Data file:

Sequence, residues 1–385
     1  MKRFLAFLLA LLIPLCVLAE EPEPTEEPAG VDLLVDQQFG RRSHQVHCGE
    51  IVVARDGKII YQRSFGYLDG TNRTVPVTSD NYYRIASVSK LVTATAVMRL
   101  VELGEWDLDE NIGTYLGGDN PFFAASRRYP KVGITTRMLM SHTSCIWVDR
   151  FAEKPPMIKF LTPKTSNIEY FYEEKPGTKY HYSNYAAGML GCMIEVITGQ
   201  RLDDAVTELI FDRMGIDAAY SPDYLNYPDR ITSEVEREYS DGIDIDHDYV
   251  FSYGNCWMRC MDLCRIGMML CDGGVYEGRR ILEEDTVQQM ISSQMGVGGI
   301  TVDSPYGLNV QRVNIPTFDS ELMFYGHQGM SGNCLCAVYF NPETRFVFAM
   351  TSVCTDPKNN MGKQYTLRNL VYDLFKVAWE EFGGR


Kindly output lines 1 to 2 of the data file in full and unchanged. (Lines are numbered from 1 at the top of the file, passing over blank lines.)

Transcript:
Sequence, residues 1–385
     1  MKRFLAFLLA LLIPLCVLAE EPEPTEEPAG VDLLVDQQFG RRSHQVHCGE